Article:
3 Easy Ways to Practice Mindful Writing and Creation
Add Let Go of Perfection
What do you think of when you think of the perfect creative space? The space where you have the peace and inspiration to write to your heart’s content? I’m not necessarily talking about writing a novel. It can be meditative journaling, creating content for your blog, or even writing a love letter to someone special. Is your perfect spot a sun-soaked beach with the sound of waves creating a thunderous soundtrack? Maybe it’s a coffee shop in the middle of a bustling European city where you soak up culture and sophistication. Or, perhaps it’s a mountain retreat deep in a snow-capped mountain range.
Now look out your window. Where are you? Are you in your ideal writing and creating location?
If the answer is yes, then kindly go back to what you’re doing and revel in the perfection. I’m sorry to have disturbed you. However, chances are that you’re not in your ideal writing location. Am I right? Your view may be of a dumpster, the neighbor’s swing set, or a front yard that really needs to be mowed.
May I share a secret with you? You’re not alone. You’re in good company. Ninety percent of the time we’re struggling to write and create in environments that are not conducive to creative thinking.
Does that mean we just throw our pencils in the air, throw out laptops, and give up? Luckily, we better options. Creating an ideal creative environment is something we have control over no matter where we are.
Our self-limiting beliefs will try to convince us otherwise, but our mindful superpowers are much stronger.
If creating eludes you because you don’t have an inspirational setting, practicing mindful writing can renew your faith in your abilities, and bring you face-to-face with the joy of creating, once again.
Accept Your Surroundings
Sometimes we can change our surroundings. Other times we cannot. You may have planned to spend all day writing the next chapter in your paranormal romance novel at that cute coffee shop around the block, but can’t because you have a sick kiddo at home who couldn’t go to school.
That’s a bummer for both of you.
In a situation like this, we have two choices: let the change dampen your mood to create, or find new inspiration. Consider streaming a coffee shop playlist, take a few breaths, and accept things for as they are. I find when we resist our surroundings less, we feel inspired more.
Honor Chaotic Thoughts
Sometimes it’s not that we’re in the wrong location to feel creative. Sometimes it’s that we have so much going on in our minds that we don’t have room to create.
We lead busy, full lives. Much of the time it’s the variety in our lives that offer the most inspiration. Honor the richness of your life and the thoughts that reside in your mind. Let them come and go as they please, but also actively make room for creative thought, too.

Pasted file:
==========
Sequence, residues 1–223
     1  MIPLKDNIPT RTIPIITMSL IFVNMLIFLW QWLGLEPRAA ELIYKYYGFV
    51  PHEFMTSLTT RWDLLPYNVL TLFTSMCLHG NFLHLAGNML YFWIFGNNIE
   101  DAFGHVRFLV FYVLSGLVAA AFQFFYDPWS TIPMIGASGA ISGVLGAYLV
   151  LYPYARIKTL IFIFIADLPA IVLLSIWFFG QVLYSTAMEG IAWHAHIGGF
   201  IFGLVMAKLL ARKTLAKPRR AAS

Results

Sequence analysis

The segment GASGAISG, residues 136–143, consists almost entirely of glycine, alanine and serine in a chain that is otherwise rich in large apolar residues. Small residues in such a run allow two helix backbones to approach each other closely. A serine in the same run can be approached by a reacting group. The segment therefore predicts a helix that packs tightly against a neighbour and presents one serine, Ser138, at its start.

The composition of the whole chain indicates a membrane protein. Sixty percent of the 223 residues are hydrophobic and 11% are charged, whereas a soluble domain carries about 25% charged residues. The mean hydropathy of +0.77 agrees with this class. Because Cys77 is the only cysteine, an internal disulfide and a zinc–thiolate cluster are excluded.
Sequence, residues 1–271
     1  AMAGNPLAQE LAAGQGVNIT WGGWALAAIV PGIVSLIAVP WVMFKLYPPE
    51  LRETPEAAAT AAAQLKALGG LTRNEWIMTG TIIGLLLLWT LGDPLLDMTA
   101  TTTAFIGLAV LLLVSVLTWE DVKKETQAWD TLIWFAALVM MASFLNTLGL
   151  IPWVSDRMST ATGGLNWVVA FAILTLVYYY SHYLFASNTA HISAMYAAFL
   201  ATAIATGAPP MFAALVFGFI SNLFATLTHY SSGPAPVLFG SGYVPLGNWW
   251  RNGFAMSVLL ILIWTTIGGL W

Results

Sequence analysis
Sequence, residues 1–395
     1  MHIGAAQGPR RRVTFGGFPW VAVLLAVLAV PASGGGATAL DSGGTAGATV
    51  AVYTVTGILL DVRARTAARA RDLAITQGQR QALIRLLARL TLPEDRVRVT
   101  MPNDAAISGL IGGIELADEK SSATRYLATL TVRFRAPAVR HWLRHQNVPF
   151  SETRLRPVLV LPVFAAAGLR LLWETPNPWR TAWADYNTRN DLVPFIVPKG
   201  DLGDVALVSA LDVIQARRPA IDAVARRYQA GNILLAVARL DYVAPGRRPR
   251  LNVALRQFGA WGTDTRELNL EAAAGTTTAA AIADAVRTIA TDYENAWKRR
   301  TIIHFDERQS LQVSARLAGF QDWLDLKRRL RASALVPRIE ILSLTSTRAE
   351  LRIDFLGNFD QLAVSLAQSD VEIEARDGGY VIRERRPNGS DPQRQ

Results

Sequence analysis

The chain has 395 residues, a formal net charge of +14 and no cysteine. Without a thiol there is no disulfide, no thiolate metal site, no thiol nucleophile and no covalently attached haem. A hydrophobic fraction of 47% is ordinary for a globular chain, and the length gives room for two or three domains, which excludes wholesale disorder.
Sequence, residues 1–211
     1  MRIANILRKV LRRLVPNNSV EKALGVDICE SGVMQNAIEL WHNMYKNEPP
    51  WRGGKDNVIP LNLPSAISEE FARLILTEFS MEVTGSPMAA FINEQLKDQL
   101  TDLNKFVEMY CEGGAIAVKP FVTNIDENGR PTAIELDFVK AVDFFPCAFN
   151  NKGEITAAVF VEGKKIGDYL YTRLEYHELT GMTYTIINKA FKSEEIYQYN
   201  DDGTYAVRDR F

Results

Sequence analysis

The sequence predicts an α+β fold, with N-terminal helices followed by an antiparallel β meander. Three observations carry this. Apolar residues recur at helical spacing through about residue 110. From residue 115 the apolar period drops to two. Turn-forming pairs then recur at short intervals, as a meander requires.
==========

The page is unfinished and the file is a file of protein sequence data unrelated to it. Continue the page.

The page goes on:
I’ve written about binge thinking before, and I think it’s worth noting here, too. Binge thinking is a process I use where I give all those thoughts a pathway to leave my mind and find their way onto paper, or sometimes just out into the Universe through meditative thought. Julia Cameron, author of The Artist’s Way, suggests that people spend time first thing each morning writing every thought that comes to mind, filling up several sheets of paper. She calls these morning pages. I call this binge thinking.
Whatever terminology works for you, and whatever methods allows you to honor your chaotic thoughts, do it. Let those thoughts out so you have the energy and space to focus on creating your masterpiece when you’re ready.
Nothing Has to Be Perfect
Well, some things have to be perfect. For instance, if you’re a brain surgeon and you’re repairing an artery in someone’s brain, then yes, perfection is non-negotiable. But creation is not perfection. Grammar, sentence structure, and paragraph form requires a degree of correctness, but let’s agree that this isn’t creating. It’s the mechanics of writing, which work themselves out later in the process.
Often, we create this need to have the ideal location to be creative because we think it’s a magical place that breaks open our souls, letting the ideas flow free like an engorged river.
That magical place we seek exists anywhere. And we have the power to create it at home with a sick kid or in the breakroom at our 9–5 jobs. Creating hates perfection. The more you seek it, the better “hider” creativity becomes.
The bottom line . . .
Mindful writing and creating takes practice. Rome wasn’t built in a day and overcoming your creative blocks won’t happen that quickly either. But the more time you spend approaching your creativity from a mindful perspective, the more filled with joy and inspiration you’ll become. Take time before you begin creating to find your center, clear your mind, and honor the creative being that you are.
Namaste. The creative being in me honors the creative being in YOU.
What’s Your Story?
Do you have a story to tell, but feel resistance? If you’re reluctant to write your book, publish a new blog, or take a chance at any other creative adventure, check out my FREE What’s Your Story? — The Reluctant Writer Email Series.
Piper Punches, Writer of Fiction and Truth | “Live with intention to manifest all good things.”
Piper Punches is the author of the bestselling books, The Waiting Room, and 60 Days (Missing Girl Series — Book 1), and the novella, Missing Girl. When she’s not writing books, she blogs on mindful living, writing & publishing, and creative living. She enjoys hiking, traveling, practicing yoga headstands, coffee, and connecting with her readers.
Get a FREE a copy of my novella, Missing Girl, here: https://dl.bookfunnel.com/ocvbp8gyva
Originally published at www.soulspring.org.